Memorandum by Mr Anthony Aust (Ev 16)
1. I will deal only with the clauses in
Part 4 on ratification of treaties.
2. As a former FCO Deputy Legal Adviser,
I am well acquainted with treaties and treaty procedures. In 2000,
two years before I retired, Cambridge University Press published
my monograph, Modern Treaty Law and Practice. (A second
edition was published in 2007.) The book deals with treaties from
a practical perspective. I am also well aware of the relationship
between Parliament and the Government. I shall not comment on
the policy, but will stick to technicalities.
3. As with the power to go to war (which
is not the subject of the draft Bill), the constitutional power
of the Crown/Government to ratify a treaty (generally without
the prior consent of Parliament), and the supreme power of Parliament
to make laws, is a product of the seventeenth-century constitutional
struggle between the King of England and Parliament. This resulted
in the power to legislate being almost completely vested in Parliament,
yet with the Government retaining certain prerogatives, including
the decision to ratify treaties or to go to war. This particular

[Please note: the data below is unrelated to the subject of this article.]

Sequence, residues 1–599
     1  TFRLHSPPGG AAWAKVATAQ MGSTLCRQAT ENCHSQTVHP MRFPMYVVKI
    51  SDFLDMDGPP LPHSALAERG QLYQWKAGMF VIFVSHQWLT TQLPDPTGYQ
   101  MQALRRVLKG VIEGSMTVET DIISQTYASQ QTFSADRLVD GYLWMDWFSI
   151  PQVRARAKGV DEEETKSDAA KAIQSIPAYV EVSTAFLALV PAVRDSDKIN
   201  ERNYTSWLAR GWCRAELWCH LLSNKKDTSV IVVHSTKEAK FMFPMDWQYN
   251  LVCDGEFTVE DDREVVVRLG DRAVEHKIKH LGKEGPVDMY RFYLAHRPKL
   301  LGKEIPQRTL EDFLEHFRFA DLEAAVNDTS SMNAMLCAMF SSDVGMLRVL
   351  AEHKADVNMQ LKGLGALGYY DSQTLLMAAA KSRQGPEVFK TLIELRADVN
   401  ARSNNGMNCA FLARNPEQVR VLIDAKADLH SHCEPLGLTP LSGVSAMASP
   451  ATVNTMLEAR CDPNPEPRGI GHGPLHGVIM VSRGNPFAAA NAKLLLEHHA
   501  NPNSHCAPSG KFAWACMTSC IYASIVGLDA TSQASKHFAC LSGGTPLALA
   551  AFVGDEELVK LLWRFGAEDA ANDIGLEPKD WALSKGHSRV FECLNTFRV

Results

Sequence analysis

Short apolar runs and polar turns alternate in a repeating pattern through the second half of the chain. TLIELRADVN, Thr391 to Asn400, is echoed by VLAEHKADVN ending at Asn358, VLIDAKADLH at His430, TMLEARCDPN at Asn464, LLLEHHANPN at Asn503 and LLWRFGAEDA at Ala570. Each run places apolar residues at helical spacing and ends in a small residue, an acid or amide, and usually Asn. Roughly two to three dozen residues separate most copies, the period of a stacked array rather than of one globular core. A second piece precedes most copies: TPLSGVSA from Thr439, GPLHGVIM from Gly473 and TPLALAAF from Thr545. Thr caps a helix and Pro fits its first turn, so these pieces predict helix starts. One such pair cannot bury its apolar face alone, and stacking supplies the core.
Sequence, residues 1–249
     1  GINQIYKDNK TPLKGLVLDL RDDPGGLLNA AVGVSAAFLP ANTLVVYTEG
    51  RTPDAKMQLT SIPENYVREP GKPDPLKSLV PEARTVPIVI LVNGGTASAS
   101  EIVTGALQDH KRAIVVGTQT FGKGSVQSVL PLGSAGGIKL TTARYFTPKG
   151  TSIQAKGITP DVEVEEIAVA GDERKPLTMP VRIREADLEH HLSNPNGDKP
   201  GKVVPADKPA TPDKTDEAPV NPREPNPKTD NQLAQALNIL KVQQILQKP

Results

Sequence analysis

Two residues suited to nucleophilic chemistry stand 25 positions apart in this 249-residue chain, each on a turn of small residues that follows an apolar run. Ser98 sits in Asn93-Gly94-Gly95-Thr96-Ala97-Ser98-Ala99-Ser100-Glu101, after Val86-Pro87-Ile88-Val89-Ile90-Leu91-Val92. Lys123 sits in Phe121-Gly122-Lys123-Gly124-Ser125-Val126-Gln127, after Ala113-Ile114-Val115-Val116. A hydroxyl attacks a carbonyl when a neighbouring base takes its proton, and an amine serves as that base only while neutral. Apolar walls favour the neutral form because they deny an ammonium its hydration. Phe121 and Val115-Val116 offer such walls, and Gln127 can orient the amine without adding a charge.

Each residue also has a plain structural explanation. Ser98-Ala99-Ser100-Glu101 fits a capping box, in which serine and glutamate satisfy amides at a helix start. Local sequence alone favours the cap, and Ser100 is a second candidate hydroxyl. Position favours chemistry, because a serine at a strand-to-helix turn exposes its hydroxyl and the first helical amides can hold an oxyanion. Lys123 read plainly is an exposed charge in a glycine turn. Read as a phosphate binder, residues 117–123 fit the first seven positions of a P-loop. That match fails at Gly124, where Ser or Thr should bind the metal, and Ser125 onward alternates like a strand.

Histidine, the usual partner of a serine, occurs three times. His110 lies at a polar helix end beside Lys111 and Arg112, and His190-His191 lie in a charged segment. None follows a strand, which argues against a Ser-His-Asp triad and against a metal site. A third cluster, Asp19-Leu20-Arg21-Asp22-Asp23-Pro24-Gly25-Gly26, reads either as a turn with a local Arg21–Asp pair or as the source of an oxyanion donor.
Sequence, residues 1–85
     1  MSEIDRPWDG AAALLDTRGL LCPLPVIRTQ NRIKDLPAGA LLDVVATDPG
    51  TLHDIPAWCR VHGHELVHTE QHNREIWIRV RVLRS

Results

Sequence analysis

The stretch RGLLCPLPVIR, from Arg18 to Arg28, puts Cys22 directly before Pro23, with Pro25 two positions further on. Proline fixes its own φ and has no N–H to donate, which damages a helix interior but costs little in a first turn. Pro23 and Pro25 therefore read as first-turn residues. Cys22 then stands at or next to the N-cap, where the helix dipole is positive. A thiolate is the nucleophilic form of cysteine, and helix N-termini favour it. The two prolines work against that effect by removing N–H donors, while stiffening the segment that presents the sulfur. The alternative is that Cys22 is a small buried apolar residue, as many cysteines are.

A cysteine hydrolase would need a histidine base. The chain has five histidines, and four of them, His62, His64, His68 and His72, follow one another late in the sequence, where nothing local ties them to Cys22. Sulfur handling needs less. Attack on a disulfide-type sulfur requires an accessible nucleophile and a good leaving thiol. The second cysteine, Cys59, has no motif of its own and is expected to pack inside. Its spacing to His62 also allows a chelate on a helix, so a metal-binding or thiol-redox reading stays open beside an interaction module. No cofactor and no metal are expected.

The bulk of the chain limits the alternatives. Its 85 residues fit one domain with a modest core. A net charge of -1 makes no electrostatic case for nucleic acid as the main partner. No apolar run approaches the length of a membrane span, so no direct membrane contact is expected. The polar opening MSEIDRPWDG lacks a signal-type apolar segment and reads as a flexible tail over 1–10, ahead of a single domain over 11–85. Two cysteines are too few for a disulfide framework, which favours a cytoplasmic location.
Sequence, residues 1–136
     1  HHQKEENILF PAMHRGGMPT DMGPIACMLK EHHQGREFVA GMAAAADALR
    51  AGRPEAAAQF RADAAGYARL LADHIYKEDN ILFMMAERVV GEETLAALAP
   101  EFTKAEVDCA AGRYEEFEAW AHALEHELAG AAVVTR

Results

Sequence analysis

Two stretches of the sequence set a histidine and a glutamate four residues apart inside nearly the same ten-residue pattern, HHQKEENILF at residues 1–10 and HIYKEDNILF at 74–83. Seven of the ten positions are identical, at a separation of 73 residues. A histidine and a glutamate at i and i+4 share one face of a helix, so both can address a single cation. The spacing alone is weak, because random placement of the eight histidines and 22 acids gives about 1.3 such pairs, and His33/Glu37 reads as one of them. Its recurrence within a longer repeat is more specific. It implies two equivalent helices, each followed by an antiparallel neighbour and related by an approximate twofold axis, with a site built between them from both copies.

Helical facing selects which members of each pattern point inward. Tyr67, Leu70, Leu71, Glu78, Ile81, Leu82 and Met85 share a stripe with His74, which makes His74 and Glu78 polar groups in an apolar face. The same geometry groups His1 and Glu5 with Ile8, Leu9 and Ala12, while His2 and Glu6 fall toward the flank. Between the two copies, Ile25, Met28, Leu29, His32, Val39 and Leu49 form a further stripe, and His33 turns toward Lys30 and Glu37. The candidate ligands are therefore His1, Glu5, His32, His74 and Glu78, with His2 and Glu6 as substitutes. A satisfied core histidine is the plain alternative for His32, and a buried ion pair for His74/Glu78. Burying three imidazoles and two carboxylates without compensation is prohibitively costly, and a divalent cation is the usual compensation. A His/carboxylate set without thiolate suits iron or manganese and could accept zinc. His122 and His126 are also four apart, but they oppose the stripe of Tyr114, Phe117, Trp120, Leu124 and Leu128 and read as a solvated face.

division of powers was inherited by most former colonies of the
United Kingdom, the United States being the principal exception.
4. The treaty-making power of the Government
is exercised by the Secretary of State for Foreign and Commonwealth
Affairs. Although there is no general requirement for Parliament
to consent to the entering into a treaty, under a constitutional
convention (known as the Ponsonby Rule) a treaty which is subject
to ratification, or an analogous procedure, is laid before Parliament
with a short explanatory memorandum for 21 sitting days so that
Parliament can be informed of the treaty. It may debate the treaty
it if it wishes, but this seldom happens unless legislation is
needed or the treaty is of major political importance, in which
case the Government would normally arrange for a debate anyway.
If a select committee needs more than 21 days to inquire into
a treaty, the Government will usually agree to this; and a copy
of the treaty is sent to the relevant departmental select committee.
Extra-parliamentary consultations are also held.
5. Many treaties to which the United Kingdom
wishes to be bound do not need any UK legislation, or at least
no new Act of Parliament; either the treaty obligations can be
carried out under an existing Act (see Clause 23(1)) or subsidiary
legislation could be made under an existing Act (see Clause 23(2)).
In the latter case, Parliament has the possibility of withholding
consent to the making of the necessary subsidiary legislation.
This is very rarely done, mainly because the subject matter is
usually unobjectionable or the Government can, by use of its majority
and whipping, force through the matter. But, when a new Act is
needed, both Houses of Parliament can debate the treaty and, if
necessary, could withhold necessary legislation. This would make
it impossible for the Government to ratify the treaty.
6. The purpose of the draft Bill is therefore